Addressing the issues of poverty in the context of South Africa is complex. The national unemployment rate has stubbornly hovered around 30%, with rural communities bearing the heaviest burden. In our own Mbhashe municipality, where we are located, we face an alarming 87% unemployment rate. This intractable problem has macroeconomic causes that individuals have little control over.

In this challenging environment, people in our community have historically relied on subsistence farming, government grants, and remittances from migrant workers to sustain their livelihoods. For nearly 20 years, we have been running our projects to not only provide essential services for our community but to create local jobs.

Today, Bulungula Incubator permanently employs 180 people, with over 90% of staff from our community. Furthermore, we work with government-funded employment programmes to create an additional 250 jobs for nine months, focusing on environmental preservation and road maintenance. 

We partner with Independent Development Trust (responsible for implementing the Expanded Public Works Programme, “EPWP”) to recruit and manage extra jobs in our community. Working closely with our traditional community leaders, we ensure that 60% of these jobs are allocated to youth and 60% to women. Additionally, we hire three people living with disabilities to promote inclusivity and equal opportunity. We make sure jobs are fairly distributed across different families so everyone has a shot at employment.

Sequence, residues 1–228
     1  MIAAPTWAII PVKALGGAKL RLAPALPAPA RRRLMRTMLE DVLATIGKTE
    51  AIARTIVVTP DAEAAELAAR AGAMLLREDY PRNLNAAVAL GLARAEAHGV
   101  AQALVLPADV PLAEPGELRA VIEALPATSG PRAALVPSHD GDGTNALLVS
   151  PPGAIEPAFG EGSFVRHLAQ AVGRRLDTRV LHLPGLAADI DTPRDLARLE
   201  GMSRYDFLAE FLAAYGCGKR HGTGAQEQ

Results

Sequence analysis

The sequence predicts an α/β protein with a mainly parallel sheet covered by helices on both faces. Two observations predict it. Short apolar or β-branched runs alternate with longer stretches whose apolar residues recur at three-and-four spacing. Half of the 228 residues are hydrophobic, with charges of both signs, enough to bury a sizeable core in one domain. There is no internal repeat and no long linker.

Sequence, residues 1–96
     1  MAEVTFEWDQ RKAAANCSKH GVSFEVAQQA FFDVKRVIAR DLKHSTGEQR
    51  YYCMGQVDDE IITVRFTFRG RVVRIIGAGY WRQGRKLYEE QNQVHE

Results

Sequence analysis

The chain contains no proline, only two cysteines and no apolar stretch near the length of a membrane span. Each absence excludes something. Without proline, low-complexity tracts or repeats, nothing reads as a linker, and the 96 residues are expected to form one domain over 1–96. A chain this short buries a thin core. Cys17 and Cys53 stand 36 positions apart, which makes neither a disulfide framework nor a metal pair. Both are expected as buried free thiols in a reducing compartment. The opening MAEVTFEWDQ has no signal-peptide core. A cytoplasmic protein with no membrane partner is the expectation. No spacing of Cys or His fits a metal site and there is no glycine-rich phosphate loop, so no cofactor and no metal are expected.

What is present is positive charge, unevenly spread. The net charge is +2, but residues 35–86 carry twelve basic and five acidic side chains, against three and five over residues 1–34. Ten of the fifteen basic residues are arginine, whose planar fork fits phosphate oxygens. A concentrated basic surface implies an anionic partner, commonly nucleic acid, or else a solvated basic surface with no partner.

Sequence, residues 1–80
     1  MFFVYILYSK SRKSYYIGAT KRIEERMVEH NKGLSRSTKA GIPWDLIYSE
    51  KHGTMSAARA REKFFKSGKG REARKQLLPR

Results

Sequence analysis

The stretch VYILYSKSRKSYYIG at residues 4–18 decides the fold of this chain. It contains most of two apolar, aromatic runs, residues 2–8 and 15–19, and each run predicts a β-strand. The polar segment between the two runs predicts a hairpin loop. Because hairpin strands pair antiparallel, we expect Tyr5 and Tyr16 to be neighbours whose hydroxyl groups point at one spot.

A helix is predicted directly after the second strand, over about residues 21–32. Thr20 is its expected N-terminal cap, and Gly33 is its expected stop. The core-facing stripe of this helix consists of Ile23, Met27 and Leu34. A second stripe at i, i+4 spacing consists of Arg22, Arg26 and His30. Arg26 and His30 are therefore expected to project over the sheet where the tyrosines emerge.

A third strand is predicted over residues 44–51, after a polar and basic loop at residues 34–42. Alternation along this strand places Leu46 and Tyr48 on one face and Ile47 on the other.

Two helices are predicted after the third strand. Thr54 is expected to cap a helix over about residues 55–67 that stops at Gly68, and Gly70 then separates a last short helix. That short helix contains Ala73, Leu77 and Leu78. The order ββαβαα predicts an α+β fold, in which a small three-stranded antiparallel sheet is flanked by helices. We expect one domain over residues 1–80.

The work carried out by EPWP workers serves several important purposes within our community, with a primary focus on road maintenance and waste collection. Our roads have deteriorated to a point where they are nearly impassable, posing safety risks to residents and threatening the viability of Bulungula Lodge, our community-owned backpackers, which relies on tourists travelling along these roads. Our EPWP workers have tirelessly maintained these roads for years, ensuring their drivability.

We don’t have access to waste refuse services, so people must incinerate or bury their trash. During heavy rains or floods, this waste can wash into rivers, the beach, and the ocean, posing a significant pollution risk. Our dedicated waste collectors play a vital role in reducing pollution and maintaining clean surroundings in our community.

One of our EPWP workers buying vegetable seedlings from our seedling nursery.

The consistent provision of job contracts contributes to household incomes and provides a lifeline for families grappling with unemployment. We hope that the more jobs we create, the more skilled workers we can retain in our rural community, reducing the rural to urban migration which also helps strengthen family dynamics and community cohesion. Beyond the monetary gains, the initiative also gives unemployed, working-aged people a sense of purpose.

Although the challenge of unemployment remains unacceptably high in our community, we are proud of the significant growth over the past two decades. We’ve transitioned from a time when only a handful of job opportunities were available to now over 400 people who can work locally in our community.

Our beautiful rural community.